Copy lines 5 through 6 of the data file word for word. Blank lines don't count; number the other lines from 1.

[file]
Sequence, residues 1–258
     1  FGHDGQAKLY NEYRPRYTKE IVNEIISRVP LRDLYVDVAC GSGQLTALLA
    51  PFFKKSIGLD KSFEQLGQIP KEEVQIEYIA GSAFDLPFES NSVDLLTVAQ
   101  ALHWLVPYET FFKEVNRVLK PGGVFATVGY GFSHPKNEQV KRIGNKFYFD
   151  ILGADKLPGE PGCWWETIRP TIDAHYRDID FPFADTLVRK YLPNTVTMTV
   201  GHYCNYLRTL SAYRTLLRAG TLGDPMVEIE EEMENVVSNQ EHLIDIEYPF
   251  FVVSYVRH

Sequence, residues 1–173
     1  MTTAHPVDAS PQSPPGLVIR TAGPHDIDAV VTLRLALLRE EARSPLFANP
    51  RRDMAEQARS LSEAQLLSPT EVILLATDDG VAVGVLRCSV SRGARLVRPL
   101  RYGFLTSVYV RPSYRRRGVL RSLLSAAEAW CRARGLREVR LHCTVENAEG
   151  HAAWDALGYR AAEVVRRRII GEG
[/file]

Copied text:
   151  ILGADKLPGE PGCWWETIRP TIDAHYRDID FPFADTLVRK YLPNTVTMTV
   201  GHYCNYLRTL SAYRTLLRAG TLGDPMVEIE EEMENVVSNQ EHLIDIEYPF